On the day of the shooting, “in violation of school policy, no one had locked any of the three exterior doors to the west building of Robb Elementary. As a result, the attacker had unimpeded access to enter.”


As noted in the Committee’s report, “Locking the exterior and interior doors ultimately may not have been enough to stop the attacker from entering the building and classrooms. But had school personnel locked the doors as the school’s policy required, that could have slowed his progress for a few precious minutes—long enough to receive alerts, hide children, and lock doors; and long enough to give police more opportunity to engage and stop the attacker before he could massacre 19 students and two teachers.”


Sadly, this lackadaisical approach to security helped the shooter. “In particular, staff and students widely knew the door to one of the victimized classrooms, Room 111, was ordinarily unsecured and accessible. Room 111 could be locked, but an extra effort was required to make sure the latch engaged. Many knew Room 111’s door had a faulty lock, and school district police had specifically warned the teacher about it. The problem with locking the door had been reported to school administration, yet no one placed a written work order for a repair.”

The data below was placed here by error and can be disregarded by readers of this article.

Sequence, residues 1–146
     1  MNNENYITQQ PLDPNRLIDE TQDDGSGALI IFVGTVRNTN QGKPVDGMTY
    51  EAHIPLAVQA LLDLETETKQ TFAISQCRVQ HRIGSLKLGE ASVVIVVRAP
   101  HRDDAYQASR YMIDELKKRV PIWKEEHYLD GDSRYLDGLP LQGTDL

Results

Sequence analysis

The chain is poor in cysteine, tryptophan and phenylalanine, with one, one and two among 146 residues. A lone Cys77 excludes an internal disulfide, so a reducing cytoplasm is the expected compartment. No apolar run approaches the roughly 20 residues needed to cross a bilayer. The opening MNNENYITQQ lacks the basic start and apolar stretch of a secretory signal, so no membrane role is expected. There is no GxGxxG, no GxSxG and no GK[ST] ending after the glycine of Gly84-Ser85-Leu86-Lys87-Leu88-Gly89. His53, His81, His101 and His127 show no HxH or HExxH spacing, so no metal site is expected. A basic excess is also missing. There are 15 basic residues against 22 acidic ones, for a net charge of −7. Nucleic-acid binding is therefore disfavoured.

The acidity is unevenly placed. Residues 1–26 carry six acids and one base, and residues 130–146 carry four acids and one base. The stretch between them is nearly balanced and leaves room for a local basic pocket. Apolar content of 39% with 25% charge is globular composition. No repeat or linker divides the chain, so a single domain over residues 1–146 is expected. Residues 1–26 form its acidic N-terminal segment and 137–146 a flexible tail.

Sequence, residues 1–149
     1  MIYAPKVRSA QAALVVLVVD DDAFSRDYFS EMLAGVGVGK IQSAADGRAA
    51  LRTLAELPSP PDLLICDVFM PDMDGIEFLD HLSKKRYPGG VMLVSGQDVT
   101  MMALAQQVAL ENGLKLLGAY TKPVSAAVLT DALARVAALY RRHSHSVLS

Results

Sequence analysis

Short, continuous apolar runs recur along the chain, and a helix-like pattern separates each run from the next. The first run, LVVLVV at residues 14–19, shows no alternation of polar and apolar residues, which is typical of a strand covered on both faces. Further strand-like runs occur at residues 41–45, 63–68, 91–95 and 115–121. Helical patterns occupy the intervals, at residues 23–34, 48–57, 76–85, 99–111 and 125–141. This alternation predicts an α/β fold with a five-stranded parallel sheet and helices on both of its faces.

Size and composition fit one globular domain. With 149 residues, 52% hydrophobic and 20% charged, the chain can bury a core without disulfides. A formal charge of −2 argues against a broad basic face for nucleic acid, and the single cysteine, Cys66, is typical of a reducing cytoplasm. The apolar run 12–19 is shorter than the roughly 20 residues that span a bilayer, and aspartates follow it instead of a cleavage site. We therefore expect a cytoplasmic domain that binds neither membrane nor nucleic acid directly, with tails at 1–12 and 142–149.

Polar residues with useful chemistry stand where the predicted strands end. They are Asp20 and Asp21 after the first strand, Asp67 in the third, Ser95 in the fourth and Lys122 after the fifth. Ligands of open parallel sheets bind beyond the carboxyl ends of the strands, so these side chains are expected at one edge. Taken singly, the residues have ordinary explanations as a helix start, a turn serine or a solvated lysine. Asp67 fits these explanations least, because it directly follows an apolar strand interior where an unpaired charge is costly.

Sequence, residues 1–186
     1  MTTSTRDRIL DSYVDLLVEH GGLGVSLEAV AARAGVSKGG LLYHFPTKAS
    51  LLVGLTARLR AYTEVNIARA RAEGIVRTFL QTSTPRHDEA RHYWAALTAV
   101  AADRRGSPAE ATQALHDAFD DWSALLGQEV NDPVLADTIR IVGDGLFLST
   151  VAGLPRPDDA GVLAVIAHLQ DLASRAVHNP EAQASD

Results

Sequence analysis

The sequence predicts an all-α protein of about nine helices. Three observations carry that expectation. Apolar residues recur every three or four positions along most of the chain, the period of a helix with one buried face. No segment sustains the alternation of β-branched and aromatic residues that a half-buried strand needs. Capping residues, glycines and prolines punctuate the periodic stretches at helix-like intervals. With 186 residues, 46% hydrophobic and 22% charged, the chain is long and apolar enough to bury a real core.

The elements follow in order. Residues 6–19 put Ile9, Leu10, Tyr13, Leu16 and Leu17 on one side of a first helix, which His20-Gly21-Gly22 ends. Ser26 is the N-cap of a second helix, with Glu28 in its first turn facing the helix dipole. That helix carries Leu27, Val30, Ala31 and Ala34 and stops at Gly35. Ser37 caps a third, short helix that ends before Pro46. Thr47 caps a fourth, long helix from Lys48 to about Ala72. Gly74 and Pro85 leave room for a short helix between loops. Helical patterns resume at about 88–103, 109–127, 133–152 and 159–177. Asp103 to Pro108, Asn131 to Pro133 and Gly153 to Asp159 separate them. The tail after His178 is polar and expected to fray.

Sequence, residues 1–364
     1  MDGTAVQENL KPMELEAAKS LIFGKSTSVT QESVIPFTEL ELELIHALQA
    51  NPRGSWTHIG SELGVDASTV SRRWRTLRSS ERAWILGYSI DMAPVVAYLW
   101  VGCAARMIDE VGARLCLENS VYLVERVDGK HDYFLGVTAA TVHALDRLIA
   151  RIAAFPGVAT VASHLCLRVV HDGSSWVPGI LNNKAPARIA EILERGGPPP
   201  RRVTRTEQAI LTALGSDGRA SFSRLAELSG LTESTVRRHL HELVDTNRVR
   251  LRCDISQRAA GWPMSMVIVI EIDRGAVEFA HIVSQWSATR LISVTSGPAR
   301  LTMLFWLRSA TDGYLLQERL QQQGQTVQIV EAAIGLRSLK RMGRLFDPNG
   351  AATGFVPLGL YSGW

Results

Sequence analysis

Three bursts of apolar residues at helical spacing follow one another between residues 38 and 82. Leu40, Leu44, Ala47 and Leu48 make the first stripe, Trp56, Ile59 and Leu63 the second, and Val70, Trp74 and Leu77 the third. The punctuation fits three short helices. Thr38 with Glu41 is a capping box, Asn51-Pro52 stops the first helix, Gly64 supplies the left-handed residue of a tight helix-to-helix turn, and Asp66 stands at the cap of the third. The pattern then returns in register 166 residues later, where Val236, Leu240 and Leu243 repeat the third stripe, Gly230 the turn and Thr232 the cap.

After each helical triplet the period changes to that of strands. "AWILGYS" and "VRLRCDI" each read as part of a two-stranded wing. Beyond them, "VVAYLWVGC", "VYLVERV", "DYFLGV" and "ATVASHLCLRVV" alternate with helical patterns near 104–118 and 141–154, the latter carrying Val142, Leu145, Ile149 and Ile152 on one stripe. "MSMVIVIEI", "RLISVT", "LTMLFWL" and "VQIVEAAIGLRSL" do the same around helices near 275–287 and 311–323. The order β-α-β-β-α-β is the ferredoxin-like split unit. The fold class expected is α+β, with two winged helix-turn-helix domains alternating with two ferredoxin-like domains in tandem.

As we have traveled the country, we sometimes encounter individuals who are confused about whether or not it is okay to lock doors. As we explained in this 2019 blog post , locking your doors does not run afoul of licensing requirements. In fact, many licensing officials – in the wake of these tragedies – are now actively encouraging programs to be more proactive with safety and security.


Lesson: Lock your doors, if door locks are not functioning report them immediately and prioritize their repair.


Lesson 3: Communication is Essential

If you have taken our active shooter course, you know that we put an emphasis on communication. Why? Because communication is one of the key elements to your response. Your communication methods should be practiced routinely, ideally daily. During an emergency you rely on the familiar, you fall back on what you know.